Treatment:╇ none unless symptomatic. For erosions, treat with lubrication, hypertonic saline (Muro 128 5% ointment qhs × 3–12 months); if recurs, consider bandage contact lens, epithelial débridement, anterior stromal puncture / reinforcement, diamond burr (débride and polish Bowman’s membrane), laser (PTK with excimer laser, or micropuncture with Nd : YAG laser (1 mJ, aim just below epithelium)); also, consider treatment with matrix metalloproteinase-9 inhibitors (doxycycline 50╯mg PO bid × 2 months and topical steroids tid × 2–3weeks); débridement for subepithelial scarring

Meesmann’s (AD)╇ Mapped to chromosomes 12q12 and 17 Appears early in life Minimal symptoms, good vision

Findings:╇ tiny epithelial vesicles, most numerous interpalpebrally, extend to limbus

Pathology:╇ epithelial cells contain PAS-positive material (peculiar substance); thickened epithelial basement membrane (Figure 7-12) No treatment

Gelatinous Drop–Like (AR)╇ Mapped to chromosome 1p32 Rare; occurs in 1st decade

Symptoms:╇ decreased vision, photophobia, tearing


Corneal Disorders

Figure 7-12.╇ Meesmann’s dystrophy with Periodic Acid-Schiff stain. (From Yanoff M, Fine BS: Ocular Pathology, 5th edn, St Louis, Mosby, 2002.)

Figure 7-13.╇ Deposits in macular dystrophy stain with Alcian blue. (From Yanoff M, Fine BS: Ocular Pathology, 5th edn, St Louis, Mosby, 2002.)

Findings:╇ central, mulberry-like, subepithelial opacity

Most severe but least common of the 3 classic stromal dystrophies

Pathology:╇ absence of Bowman’s layer; amyloid

Deposits present in 1st decade of life

Reis-Bucklers’ (Corneal Dystrophy of Bowman’s Membrane Type I) (AD)╇ Mapped to chromosome 5q31 (BIGH3)

Symptoms:╇ decreased vision in 1st–2nd decade of life Findings:╇ gray-white stromal opacities at all levels

Appears early in life

extending to periphery with diffuse clouding (no intervening clear spaces), central thinning; may have guttata

Findings:╇ subepithelial, irregularly shaped rings with

Pathology:╇ mucopolysaccharide deposits, stain with

scalloped edges and geographic gray-white reticular opacification, greatest centrally; epithelial erosions, corneal scarring

Alcian blue and colloidal iron (Figure 7-13)

Pathology:╇ absence of Bowman’s layer and replacement by connective tissue; irregular saw-toothed epithelium; curly filaments (electron microscopy); stain with Masson’s trichrome

Treatment:╇ penetrating keratoplasty (recurrence is common)

Thiel-Behnke’s Dystrophy (Corneal Dystrophy of Bowman’s Membrane Type II) (AD)╇ Mapped to chromosomes 5q31 and 10q24 Honeycomb pattern; BIGH3 gene defect

Treatment:╇ penetrating keratoplasty; PTK (less useful, lesions extend though entire stroma and erosions rare)

Granular (AD)╇ Most common stromal dystrophy Mapped to chromosome 5q31 (BIGH3) Deposits present in 1st decade of life, can remain asymptomatic for decades

Symptoms:╇ mild irritation, decreased vision Findings:╇ discrete focal, white, granular deposits in central anterior stroma with intervening clear areas; recurrent erosions rare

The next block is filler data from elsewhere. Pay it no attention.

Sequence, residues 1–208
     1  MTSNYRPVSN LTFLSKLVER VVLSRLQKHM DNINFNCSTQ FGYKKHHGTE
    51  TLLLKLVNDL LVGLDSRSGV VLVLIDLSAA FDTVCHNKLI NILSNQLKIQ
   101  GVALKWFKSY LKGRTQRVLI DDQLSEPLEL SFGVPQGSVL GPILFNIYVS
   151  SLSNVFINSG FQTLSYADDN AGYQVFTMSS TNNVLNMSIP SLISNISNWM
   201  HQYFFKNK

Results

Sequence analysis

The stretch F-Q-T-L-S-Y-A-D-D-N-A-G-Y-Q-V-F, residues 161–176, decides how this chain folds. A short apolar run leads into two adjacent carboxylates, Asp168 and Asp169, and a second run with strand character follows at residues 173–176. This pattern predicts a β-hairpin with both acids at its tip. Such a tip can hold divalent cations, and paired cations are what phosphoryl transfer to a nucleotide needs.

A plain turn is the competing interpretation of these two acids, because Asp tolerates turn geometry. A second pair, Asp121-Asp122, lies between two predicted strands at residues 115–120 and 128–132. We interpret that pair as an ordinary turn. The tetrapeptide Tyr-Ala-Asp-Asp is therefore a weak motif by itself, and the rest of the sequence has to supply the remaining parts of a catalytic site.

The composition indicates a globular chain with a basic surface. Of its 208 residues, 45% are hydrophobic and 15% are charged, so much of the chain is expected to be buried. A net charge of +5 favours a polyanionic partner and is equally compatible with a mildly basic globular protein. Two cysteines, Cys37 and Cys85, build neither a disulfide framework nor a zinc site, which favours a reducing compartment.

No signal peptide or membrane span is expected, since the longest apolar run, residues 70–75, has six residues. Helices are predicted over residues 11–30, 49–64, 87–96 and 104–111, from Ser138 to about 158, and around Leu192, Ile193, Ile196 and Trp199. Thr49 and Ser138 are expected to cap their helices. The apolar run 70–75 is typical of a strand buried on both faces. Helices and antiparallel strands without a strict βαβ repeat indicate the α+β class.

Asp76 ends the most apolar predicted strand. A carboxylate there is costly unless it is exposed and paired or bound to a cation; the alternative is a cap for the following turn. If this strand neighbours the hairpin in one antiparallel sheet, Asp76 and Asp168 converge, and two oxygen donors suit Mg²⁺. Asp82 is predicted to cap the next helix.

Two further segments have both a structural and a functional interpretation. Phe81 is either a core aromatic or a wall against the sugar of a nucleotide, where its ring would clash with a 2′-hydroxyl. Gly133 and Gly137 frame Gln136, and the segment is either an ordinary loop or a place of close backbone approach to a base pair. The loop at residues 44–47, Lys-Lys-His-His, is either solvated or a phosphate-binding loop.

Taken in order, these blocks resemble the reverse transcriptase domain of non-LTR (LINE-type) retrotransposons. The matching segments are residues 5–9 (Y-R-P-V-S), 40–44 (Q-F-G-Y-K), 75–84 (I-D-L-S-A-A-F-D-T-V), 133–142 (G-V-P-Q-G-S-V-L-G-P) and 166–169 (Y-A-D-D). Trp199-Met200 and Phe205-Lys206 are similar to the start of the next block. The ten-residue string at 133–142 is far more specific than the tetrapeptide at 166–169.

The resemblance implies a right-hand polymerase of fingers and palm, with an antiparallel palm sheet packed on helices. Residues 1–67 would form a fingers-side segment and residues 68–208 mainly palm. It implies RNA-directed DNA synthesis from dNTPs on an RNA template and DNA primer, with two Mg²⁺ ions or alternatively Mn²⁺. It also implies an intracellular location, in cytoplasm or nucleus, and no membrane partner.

Superficial variant:╇ looks like Reis-Bucklers’

Stromal

Pathology:╇ hyaline deposits, stain with Masson’s

Mnemonic:╇ Marilyn Monroe Always Gets Her Men in LA

trichrome (Figure 7-14)

County Refers to name of dystrophy, substance deposited in cornea, special stain (for the 3 classic dystrophies) Macular, Mucopolysaccharide, Alcian blue, Granular, Hyaline, Masson’s trichrome Lattice, Amyloid, Congo red

Treatment:╇ penetrating keratoplasty, PTK Lattice╇ Mapped to chromosome 5q31 (BIGH3) Deposits present in 1st decade of life

Macular (AR)╇

Symptoms:╇ pain, decreased vision in 2nd–3rd decade of life

Mapped to chromosome 16q22; error in synthesis of keratan sulfate

Findings:╇ branching refractile lines in anterior stroma (best seen in retroillumination), central subepithelial white

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CHAPTER 7â•… •â•… Cornea / External Disease Treatment:╇ penetrating keratoplasty (recurrence more likely than in macular or granular, but less likely than in Reis-Bucklers’)

Avellino’s╇ Mapped to chromosome 5q31 (BIGH3) First identified in family from Avellino, Italy

Findings:╇ appears like granular dystrophy with interspersed lattice lines; granular deposits occur early in anterior stroma, lattice findings occur later in deeper stroma; stromal haze; may get erosions Figure 7-14.╇ Deposits in granular dystrophy stain red with trichrome. (From Yanoff M, Fine BS: Ocular Pathology, 5th edn, St Louis, Mosby, 2002.)

Pathology:╇ hyaline and amyloid deposits; stain with Masson’s trichrome and Congo red

Central Crystalline (Schnyder’s) (AD)╇ Mapped to chromosome 1p36 Slowly progressive, rarely reduces vision enough to require corneal transplantation

Findings:╇ minute yellow-white crystals just beneath Bowman’s membrane in central doughnut-like pattern, diffuse stromal haze, dense arcus with age, limbal girdle of Vogt; no recurrent erosions; hyperlipidemia or hypercholesterolemia (33%); may have short forearms and genu valgum

Pathology:╇ cholesterol and neutral fat deposits, stain with oil-red-O Can recur in graft

Fleck (Francois-Neetans’) (AD)╇ Figure 7-15.╇ Deposits in lattice dystrophy. (From Yanoff M, Fine BS: Ocular Pathology, 5th edn, St Louis, Mosby, 2002.)

dots, stromal haze with ground-glass appearance, peripheral cornea typically clear (depends on type); eventually recurrent erosions with scarring

Types:╇ Type I (Biber-Haab-Dimmer) (AR): classic lattice dystrophy; starts centrally, spares periphery, no systemic amyloid; BIGH3 gene defect Type II (Meretoja’s syndrome) (AR): Mapped to chromosome 9q32-34 (GSN); Finnish descent; systemic amyloidosis (facial mask; dry, lax skin; blepharochalasis, dermatochalasis; pendulous ears; cranial and peripheral nerve palsies); corneal involvement more peripheral and moves centrally Type III (AR): Japanese descent, adult onset, thicker lattice lines, limbus to limbus, no recurrent erosions; BIGH3 gene defect